Poise and Posture: QB Drew Lock by RSP’s David Igono

Rookie Scouting Portfolio author David Igono showcases 2019 NFL Draft prospect, Missouri quarterback Drew Lock’s poise in the pocket.

“Posture is what you have and poise is where you put it.”

I have yet to find the originator of this quote, although I have a hunch. In my mind it’s what Mr. Miyagi’s sensei told him years before he condensed it down to “wax on, wax off” for Daniel in The Karate Kid.

If ever there was a sentence that captured the essence of quarterback play in the pocket this is it. Most quarterback prospects can make their drops and avoid imminent pressure in the pocket, read “posture”. Only a handful can count the costs of taking punishment for their willingness to make the next read, or poise.

A term in football that can lose its true meaning is the phrase “pocket presence”. Pocket presence is often defined as avoiding pressure or buying time to make an advantageous read. Rarely do we talk about the nuance of pocket presence being a function of a quarterback accurately feeling the pressure around him and being serene enough to make a throw in spite of his immediate surroundings. Often times pocket presence can boil down to simply choosing to hang in there a beat longer, even if that means taking a vicious hit.

Drew Lock of Missouri employs good habits in the pocket. He has clean footwork due to the fact that he limits how far he drifts at the top of his drop and he maintains a solid base to throw from. Those two factors would be nominal if Lock wasn’t tough. His ability to absorb the contact and still be accurate with this deep ball is noteworthy.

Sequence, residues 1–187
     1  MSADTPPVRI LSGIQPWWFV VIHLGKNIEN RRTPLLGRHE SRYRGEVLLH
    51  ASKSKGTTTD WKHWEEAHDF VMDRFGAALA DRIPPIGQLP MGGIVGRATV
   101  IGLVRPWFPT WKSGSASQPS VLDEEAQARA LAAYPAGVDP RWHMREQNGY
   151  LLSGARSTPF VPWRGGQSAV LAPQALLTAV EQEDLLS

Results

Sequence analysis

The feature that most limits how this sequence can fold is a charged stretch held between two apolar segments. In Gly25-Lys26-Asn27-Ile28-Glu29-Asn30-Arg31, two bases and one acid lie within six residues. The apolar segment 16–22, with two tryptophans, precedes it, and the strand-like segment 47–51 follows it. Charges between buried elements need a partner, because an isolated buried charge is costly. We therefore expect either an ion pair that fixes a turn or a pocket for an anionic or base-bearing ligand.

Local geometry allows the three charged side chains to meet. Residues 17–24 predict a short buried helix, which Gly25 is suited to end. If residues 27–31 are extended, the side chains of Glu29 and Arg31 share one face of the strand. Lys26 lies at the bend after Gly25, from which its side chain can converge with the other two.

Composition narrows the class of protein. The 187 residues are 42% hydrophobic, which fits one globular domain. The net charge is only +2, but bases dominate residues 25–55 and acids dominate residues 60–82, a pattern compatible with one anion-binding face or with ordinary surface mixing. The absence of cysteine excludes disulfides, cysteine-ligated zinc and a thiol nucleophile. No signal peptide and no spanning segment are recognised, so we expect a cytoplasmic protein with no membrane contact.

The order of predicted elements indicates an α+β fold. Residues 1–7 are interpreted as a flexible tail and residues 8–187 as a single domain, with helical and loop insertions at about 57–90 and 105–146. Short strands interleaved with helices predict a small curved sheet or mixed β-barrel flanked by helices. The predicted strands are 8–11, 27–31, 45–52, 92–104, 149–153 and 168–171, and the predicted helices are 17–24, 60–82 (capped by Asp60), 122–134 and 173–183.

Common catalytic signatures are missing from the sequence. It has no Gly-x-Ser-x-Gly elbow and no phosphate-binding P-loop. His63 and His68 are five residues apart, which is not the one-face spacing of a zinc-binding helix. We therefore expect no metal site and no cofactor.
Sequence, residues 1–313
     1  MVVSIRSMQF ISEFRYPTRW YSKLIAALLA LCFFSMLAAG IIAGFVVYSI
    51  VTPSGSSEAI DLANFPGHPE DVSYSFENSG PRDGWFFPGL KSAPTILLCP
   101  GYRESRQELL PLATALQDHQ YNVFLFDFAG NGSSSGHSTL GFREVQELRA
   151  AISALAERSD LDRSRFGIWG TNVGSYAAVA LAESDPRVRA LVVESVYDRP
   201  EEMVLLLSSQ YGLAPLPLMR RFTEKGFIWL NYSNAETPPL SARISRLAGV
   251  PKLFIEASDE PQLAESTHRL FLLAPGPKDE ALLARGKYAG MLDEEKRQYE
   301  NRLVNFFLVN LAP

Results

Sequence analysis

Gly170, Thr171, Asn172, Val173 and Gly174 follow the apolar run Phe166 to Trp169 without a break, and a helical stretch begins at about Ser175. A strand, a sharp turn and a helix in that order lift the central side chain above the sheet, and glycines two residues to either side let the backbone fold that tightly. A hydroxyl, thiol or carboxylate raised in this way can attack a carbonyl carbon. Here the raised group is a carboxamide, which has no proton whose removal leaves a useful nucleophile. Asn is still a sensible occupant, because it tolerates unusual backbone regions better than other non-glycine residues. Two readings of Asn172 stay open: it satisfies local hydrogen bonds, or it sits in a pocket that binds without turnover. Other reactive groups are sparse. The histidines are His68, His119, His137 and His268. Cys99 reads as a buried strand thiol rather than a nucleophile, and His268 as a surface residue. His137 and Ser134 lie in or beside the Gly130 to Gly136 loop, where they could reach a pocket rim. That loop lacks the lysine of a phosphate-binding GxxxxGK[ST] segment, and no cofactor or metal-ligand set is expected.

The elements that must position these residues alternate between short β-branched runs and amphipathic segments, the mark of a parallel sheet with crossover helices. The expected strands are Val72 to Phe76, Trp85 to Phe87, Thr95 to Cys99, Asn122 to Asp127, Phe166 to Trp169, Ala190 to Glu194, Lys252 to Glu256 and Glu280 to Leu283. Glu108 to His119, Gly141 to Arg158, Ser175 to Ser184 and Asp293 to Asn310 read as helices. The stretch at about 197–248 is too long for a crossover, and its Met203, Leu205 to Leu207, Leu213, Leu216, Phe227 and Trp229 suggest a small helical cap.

Pressure in close quarters in the pocket is normal. Poise in the pocket is leveraging your awareness of the pressure around you to make a sound decision. Lock isn’t averse to pressure but he also possesses adequate physical and mental resources to make him an intriguing prospect going forward.

David Igono is a former defensive back who played at West Virginia University and a couple of seasons of arena football. Follow him at @d1gono.

This analysis of Lock is only the beginning of what you’ll find every year in the Rookie Scouting Portfolio publication. For most in-depth analysis of skill players available, get the 2018  Rookie Scouting Portfolio. If you’re a fantasy owner the Post-Draft Add-on comes with the 2012 – 2018 RSPs at no additional charge. Best, yet, 10 percent of every sale is donated to Darkness to Light to combat sexual abuse. You can purchase past editions of the Rookie Scouting Portfolio for just $9.95 each. You can pre-order the 2019 RSP beginning in December.

2 responses to “Poise and Posture: QB Drew Lock by RSP’s David Igono”

  1. Promising prospect. I think you guys should take a look at Eric Dungey of Syracuse as well. His game has a lot of promise.

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